Hydrogen fuel cells may revolutionize the transportation sector, and possibly, home electricity as well. It’s the fuel—the liquid hydrogen—that undergoes the reaction inside the fuel cell that gives most skeptics pause. It’s kept under intense pressures of 3,000 to 10,000 lbs. per square inch, it’s flammable and the thought of it recalls images of the Hindenburg disaster. The fear is partially built on myth, but there are safety concerns to consider before switching to a hydrogen economy.
Hydrogen is explosive at high concentrations, but its tendency is to burn rather than to explode. That property doesn’t eliminate the explosive danger entirely, but it renders it as safe as any volatile material that is used as fuel. Hydrogen tanks have been subjected to rigorous testing and worst-case scenarios. In a study published in the November 1996 issue of "The New Scientist," physicist Rob Edwards tested a full hydrogen tank by engulfing it in a 1600-degree flame for 70 minutes without incident. He also punctured a tank with armor piercing bullets. The hydrogen sometimes burned and sometimes dissipated, but it did not explode.
Hydrogen is extremely flammable, as any chemistry student who has ignited hydrogen in a test tube can attest. It takes 14 times less energy to ignite hydrogen than it does to ignite natural gas, according to a white paper by Amory Lovins for the Rocky Mountain Institute. It does require a concentrations in the air four times higher than gasoline vapor for ignition, however, making hydrogen as fuel a danger similar to any flammable fuel in use today, according to Lovins. Hydrogen does pose an added danger to first responders in the event of a fire because a hydrogen flame is virtually invisible in daylight.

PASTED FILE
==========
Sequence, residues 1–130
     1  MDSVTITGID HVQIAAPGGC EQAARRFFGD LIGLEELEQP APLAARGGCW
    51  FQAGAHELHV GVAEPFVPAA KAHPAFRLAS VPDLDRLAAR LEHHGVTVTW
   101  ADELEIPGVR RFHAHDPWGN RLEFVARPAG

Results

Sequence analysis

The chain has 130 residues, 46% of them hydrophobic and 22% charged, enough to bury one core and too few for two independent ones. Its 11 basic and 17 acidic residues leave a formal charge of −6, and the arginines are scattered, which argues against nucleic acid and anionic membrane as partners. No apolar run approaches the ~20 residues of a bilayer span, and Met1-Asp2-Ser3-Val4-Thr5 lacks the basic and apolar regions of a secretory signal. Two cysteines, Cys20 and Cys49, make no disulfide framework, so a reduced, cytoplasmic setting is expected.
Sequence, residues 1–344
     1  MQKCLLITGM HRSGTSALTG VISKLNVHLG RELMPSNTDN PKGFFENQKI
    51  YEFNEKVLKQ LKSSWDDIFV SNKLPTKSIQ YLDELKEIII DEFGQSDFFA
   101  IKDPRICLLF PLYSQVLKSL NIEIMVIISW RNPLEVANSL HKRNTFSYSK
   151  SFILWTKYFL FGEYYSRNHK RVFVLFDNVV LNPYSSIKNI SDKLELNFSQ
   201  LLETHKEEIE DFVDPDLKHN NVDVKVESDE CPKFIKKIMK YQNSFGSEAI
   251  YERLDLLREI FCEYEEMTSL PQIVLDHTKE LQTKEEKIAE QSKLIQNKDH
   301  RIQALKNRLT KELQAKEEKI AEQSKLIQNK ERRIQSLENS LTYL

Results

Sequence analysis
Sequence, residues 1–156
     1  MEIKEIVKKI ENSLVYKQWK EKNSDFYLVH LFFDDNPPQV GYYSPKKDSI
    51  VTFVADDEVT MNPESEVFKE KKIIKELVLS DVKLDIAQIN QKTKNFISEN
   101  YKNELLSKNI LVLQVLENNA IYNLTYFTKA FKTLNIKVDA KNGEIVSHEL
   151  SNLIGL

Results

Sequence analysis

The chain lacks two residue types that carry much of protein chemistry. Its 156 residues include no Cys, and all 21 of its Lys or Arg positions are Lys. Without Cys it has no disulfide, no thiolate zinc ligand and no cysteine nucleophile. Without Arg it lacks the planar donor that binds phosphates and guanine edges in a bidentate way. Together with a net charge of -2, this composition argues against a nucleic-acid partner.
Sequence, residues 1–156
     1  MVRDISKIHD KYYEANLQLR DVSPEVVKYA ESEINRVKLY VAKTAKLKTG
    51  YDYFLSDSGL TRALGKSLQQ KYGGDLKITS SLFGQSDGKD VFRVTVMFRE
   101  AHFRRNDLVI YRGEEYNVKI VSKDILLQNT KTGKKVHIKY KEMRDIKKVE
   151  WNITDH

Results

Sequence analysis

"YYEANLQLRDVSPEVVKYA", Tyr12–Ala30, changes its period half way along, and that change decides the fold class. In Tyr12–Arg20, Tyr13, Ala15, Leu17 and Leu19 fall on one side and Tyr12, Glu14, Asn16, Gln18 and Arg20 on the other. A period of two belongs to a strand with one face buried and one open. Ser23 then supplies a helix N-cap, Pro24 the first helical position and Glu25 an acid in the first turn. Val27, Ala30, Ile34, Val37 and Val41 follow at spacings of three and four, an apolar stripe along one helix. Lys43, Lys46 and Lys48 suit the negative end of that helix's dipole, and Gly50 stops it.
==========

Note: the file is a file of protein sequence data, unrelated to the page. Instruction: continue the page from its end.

Liquid hydrogen immediately effervesces on contact with air at standard temperature and pressure. An abundance of gathered hydrogen in areas that are not well ventilated poses an asphyxiation risk to people in the area. Hydrogen gas is odorless and colorless, and the reaction with oxygen that would turn the free hydrogen into harmless water vapor happens very slowly at ambient temperature. As a result, the free hydrogen creates an oxygen-deficient environment that can cause headaches, depression of the senses, unconsciousness or even death.
Hydrogen can be extracted from a number of “feedstocks,” including natural gas, water and even oil and coal. The majority of hydrogen for industrial uses is extracted from fossil fuels in a process that releases abundant amounts of carbon dioxide into the atmosphere, according to the Natural Resources Defense Council. Even hydrogen extracted from water, on the whole, does so with electricity produced by fossil fuel sources. Until hydrogen production is carbon neutral, powering cars with hydrogen will not be an effective global warming mitigation strategy.